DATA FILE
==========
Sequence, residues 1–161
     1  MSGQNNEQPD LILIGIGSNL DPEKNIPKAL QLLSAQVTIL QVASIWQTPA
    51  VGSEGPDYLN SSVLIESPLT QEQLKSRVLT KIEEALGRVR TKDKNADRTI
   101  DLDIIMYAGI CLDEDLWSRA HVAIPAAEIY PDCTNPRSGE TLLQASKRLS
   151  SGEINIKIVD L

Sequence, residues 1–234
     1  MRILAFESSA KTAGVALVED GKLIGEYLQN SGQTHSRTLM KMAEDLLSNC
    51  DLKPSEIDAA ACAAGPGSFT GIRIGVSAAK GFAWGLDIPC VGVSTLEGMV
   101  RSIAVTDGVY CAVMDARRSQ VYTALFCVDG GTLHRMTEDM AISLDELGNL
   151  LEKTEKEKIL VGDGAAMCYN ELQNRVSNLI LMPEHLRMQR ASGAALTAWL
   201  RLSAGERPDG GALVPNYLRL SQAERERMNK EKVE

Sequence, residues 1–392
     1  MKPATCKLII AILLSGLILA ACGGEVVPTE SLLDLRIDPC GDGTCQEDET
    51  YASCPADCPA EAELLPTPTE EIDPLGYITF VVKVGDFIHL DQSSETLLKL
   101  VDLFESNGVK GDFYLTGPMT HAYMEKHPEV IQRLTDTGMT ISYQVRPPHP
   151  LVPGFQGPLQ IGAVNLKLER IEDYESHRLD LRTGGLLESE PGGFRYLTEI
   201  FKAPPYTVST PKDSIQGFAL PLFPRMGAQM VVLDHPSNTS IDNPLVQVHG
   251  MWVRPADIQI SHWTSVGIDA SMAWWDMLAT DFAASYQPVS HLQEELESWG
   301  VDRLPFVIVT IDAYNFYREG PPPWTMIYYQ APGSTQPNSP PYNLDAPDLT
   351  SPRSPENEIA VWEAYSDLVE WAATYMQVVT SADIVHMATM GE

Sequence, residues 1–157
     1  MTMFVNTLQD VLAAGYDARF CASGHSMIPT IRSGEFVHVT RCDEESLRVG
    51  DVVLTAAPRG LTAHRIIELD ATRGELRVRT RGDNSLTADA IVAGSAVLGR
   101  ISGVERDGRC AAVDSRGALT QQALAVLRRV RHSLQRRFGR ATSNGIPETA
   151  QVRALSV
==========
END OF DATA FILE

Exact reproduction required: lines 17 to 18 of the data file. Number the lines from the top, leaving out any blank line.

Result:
   201  FKAPPYTVST PKDSIQGFAL PLFPRMGAQM VVLDHPSNTS IDNPLVQVHG
   251  MWVRPADIQI SHWTSVGIDA SMAWWDMLAT DFAASYQPVS HLQEELESWG